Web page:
The 70 page book covers the uses of this stitch, and the main pattern motifs used in this style of embroidery. Names of patterns are usefully in both Sardinian and English. These translate into charming names such as “the little leaves”, “the heart”, “the teeth”, “the crosses” and “the spurs”. Also in the book there are 5 “non-traditional” projects in varying degrees of difficulty.

OK so how do I feel about Sardinian embroidery after reading this? I am not likely to work a traditional piece but I am likely to add some of the patterns to my band sampler. My eye is becoming more and more attracted to traditional styles and patterning. This means for me I think it is time to explore this traditional style in a non traditional manner! But I am a bit quirky as I am sure for many people Sardinian Knot Stitch will be the start of a wonderful journey into this traditional form of embroidery.

Sardinian Knotted Embroidery by Yvette Stanton

Sardinian Knotted EmbroideryWhat I love about embroidery is that it can take you around the world. I love learning about stitches and how a particular group of people, take a technique, and push it to create a whole style that becomes associated with a region and their culture.

Yvette Stanton has released a new book on Sardinian Knotted Embroidery. Punt ‘e Nù, means knotted stitches and it describes a style of knotted whitework embroidery from Teulada, Sardinia. This beautiful type of embroidery is based on what are essentially coral knots. Now described like that, it sounds very pedestrian, but this form of embroidery is simply stunning as the white on white textured geometric patterns of traditional motifs really satisfy the eye.

Have a look at this Video and you will see what I mean.

The coral knots are worked in a white thread, on even weave material following the weave of the fabric. In order to reproduce this type of embroidery you need to master the stitch, spacing the knot at the right tension, turning the line and joining threads etc Without this information you would not be able to work in this style and Yvette Stanton has provided pages and pages of step by step illustrated instructions for both right and left handed stitchers. Also a good troubleshooting section gets folks like me – who jump ahead too quickly – out of trouble.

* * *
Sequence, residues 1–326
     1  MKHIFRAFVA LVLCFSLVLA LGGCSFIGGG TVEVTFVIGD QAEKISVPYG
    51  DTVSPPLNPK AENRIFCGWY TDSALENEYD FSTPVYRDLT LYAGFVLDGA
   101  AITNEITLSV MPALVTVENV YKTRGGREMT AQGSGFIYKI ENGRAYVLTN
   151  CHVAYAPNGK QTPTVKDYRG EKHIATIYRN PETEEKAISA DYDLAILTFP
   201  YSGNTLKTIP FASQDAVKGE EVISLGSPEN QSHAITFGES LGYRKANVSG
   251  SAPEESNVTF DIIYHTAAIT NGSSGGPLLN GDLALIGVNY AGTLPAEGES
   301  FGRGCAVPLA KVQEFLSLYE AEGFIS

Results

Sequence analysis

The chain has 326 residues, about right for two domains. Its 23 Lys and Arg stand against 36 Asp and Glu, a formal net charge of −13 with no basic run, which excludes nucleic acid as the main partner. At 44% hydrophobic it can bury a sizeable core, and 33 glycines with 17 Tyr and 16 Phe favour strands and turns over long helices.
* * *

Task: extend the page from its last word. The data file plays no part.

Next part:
Sardinian Knotted Embroidery page spreadThere are 11 projects in the book. Usually books like these have something for the suitable for beginner through to projects for an advanced embroiderer. To be honest I think that since this style of embroidery is based on coral stitch, once you have mastered the technique is not a question of if you are new hand to embroidery but how committed you are to producing a project applying this particular style. The book contains both large and small projects. Some such as the tablecloth, or the table runner, would take a long time to create others such as the biscornu, or the candle wrap, and the hand towel, would be quicker and suitable for gifts. I really feel that anyone could with care recreate pieces in the Punt ‘e Nù style from this book as each project has a pattern sheet detailed instructions.

It is a great book and I am going to enjoying having it my library. You can find out more and purchase a copy by visiting Yvette Stanton’s, website Vetty Creations